This content is from: Portfolio

American Civics Exchange Wants to Take the Risk Out of Politics

As the first U.S. commercial market for policy futures, the American Civics Exchange will help investors hedge political risk.

Just when it looked as if every imaginable variety of risk could be identified, valued and hedged — from freight to real estate to weather — a new variety of risk comes along. In this case, it’s the American Civics Exchange (ACE), a market designed to help institutions protect themselves against political risk. Of course, people have been placing informal political bets for centuries. But ACE is the first U.S. commercial market for policy futures. CEO Flip Pidot, a former value manager with Boyar Asset Management in New York who in 2006 ran unsuccessfully as a Republican for a New York state senate seat, dreamed up ACE with several partners. “It’s the last remaining significant category of external financial risk,” says Pidot, a former fraud investigator with defunct accounting firm Arthur Andersen.

Pidot and ACE co-founder and CEO Paul Lang, who lost a Pennsylvania state senate election as a Democratic candidate in 2006, started working toward getting approval for the exchange from the Commodity Futures Trading Commission (CFTC) in 2008. In 2009, ACE got clearance to establish an exempt board of trade (eBOT), viewed by some as a “regulation-lite” classification that would allow the exchange to operate if, among other restrictions, it was open only to institutional traders.

Pidot and Lang didn’t enjoy their eBOT status for long. With the July 2012 passage of the Dodd-Frank Wall Street Reform and Consumer Protection Act, eBOTs were eliminated and replaced by swap execution facilities (SEFs), created to roll up over-the-counter swaps. The wait for SEFs to come online and the arduous task of applying for new approvals sent the pair back to the drawing board to find another way to launch their political-risk exchange. They decided to partner with an as-yet-unnamed major trading platform, pending federal approval. Under the new plan, ACE will no longer be the regulated entity. Instead it will originate, structure and design contracts that will be licensed to the partner, an established designated contract market (DCM). Contracts will then clear through the DCM partner’s clearinghouse.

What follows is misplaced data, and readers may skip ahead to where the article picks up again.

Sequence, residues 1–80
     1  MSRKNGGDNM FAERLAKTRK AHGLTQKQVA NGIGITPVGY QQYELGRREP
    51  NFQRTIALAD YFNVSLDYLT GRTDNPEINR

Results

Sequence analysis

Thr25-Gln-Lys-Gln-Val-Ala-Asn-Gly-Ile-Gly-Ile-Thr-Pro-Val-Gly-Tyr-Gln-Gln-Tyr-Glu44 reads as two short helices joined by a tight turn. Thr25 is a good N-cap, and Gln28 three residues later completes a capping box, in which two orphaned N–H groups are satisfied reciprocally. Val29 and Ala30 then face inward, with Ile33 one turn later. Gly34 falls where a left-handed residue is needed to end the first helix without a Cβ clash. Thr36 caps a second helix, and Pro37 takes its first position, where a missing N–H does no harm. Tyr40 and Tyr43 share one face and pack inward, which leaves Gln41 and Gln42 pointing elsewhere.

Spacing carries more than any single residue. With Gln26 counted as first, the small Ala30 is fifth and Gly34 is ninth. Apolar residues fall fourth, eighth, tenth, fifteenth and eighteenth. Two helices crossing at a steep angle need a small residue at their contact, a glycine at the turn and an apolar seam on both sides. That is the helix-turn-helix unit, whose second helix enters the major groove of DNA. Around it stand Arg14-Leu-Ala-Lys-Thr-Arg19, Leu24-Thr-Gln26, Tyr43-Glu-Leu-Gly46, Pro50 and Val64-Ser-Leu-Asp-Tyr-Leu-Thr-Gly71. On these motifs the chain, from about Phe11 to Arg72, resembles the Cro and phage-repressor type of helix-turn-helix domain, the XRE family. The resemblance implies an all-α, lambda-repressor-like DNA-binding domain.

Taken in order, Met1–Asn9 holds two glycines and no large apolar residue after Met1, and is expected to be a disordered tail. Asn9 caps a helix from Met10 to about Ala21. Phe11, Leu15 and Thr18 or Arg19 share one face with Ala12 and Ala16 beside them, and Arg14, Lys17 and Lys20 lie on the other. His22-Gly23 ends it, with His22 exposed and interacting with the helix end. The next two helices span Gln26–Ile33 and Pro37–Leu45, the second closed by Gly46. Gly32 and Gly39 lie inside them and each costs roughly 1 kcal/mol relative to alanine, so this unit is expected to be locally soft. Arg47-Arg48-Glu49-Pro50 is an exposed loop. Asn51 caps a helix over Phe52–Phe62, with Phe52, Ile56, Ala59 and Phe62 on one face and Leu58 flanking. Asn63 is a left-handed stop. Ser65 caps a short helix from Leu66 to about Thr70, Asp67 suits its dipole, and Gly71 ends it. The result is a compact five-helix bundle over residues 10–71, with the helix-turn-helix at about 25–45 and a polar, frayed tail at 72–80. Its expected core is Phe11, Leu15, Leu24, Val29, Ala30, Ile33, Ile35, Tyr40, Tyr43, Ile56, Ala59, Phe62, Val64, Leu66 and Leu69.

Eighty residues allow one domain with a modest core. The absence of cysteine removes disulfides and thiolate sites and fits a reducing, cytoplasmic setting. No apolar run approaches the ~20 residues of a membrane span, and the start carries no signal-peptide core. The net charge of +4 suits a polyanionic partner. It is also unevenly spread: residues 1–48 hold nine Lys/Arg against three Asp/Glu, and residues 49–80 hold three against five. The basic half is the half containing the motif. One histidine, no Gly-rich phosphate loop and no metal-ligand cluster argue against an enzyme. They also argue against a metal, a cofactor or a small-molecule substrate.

Industry experts are intrigued. Derivatives and exchange adviser Patrick Young, author of the 1999 book Capital Market Revolution: The Future of Markets in an Online World, first met Pidot in 2012 when Young was staging his first annual Young Markets conference in Paltinis, in Romania’s Transylvania region. Young, who is presently rolling out a technology start-up café in Torun, Poland, birthplace of astronomer Nicolaus Copernicus, says ACE has potential. “It brings in speculators and allows people to reduce or transfer their exposures,” he says. His conclusion: “If Flip can come in with a platform allied with an established platform, ultimately, it should work.” 

While ACE waits for approval of its trading platform, it’s running its prediction model online. Users can try their luck with scenarios such as the 2014 midterm elections, Bitcoin regulation and the Russia-Ukraine standoff. This live, if fictional, portfolio trading has given Pidot insight into market efficiencies. For example, he has found the market to be a more reliable indicator than economic factors of how policymakers will react to data such as employment reports. Traders on the site work with play money. But there are incentives for users to bring their best tactical strategies to the virtual trading floor: Winners can come away with up to $5,000 — that’s real money — courtesy of the exchange’s angel investors.

Pidot says that because trading on elections gave regulators pause, the exchange took it off the trading platform to prevent electoral manipulation. Elections will stay on ACE’s play-money website, however.

Related Content